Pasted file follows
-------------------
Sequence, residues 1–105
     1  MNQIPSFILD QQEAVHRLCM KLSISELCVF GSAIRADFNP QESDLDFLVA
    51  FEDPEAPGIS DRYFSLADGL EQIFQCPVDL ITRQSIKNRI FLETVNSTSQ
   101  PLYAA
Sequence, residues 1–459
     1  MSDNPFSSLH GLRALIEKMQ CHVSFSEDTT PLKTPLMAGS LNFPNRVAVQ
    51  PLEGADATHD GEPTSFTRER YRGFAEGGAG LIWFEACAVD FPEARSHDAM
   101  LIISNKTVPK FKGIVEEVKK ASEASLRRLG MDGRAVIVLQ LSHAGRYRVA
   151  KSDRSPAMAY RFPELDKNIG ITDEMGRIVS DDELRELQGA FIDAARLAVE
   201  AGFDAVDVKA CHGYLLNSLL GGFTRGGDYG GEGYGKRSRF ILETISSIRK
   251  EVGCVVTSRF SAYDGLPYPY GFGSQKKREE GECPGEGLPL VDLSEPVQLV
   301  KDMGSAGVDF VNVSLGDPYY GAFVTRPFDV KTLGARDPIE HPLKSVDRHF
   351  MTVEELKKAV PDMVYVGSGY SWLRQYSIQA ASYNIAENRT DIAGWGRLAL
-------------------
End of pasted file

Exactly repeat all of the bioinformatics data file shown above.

Sequence, residues 1–105
     1  MNQIPSFILD QQEAVHRLCM KLSISELCVF GSAIRADFNP QESDLDFLVA
    51  FEDPEAPGIS DRYFSLADGL EQIFQCPVDL ITRQSIKNRI FLETVNSTSQ
   101  PLYAA
Sequence, residues 1–459
     1  MSDNPFSSLH GLRALIEKMQ CHVSFSEDTT PLKTPLMAGS LNFPNRVAVQ
    51  PLEGADATHD GEPTSFTRER YRGFAEGGAG LIWFEACAVD FPEARSHDAM
   101  LIISNKTVPK FKGIVEEVKK ASEASLRRLG MDGRAVIVLQ LSHAGRYRVA
   151  KSDRSPAMAY RFPELDKNIG ITDEMGRIVS DDELRELQGA FIDAARLAVE
   201  AGFDAVDVKA CHGYLLNSLL GGFTRGGDYG GEGYGKRSRF ILETISSIRK
   251  EVGCVVTSRF SAYDGLPYPY GFGSQKKREE GECPGEGLPL VDLSEPVQLV
   301  KDMGSAGVDF VNVSLGDPYY GAFVTRPFDV KTLGARDPIE HPLKSVDRHF
   351  MTVEELKKAV PDMVYVGSGY SWLRQYSIQA ASYNIAENRT DIAGWGRLAL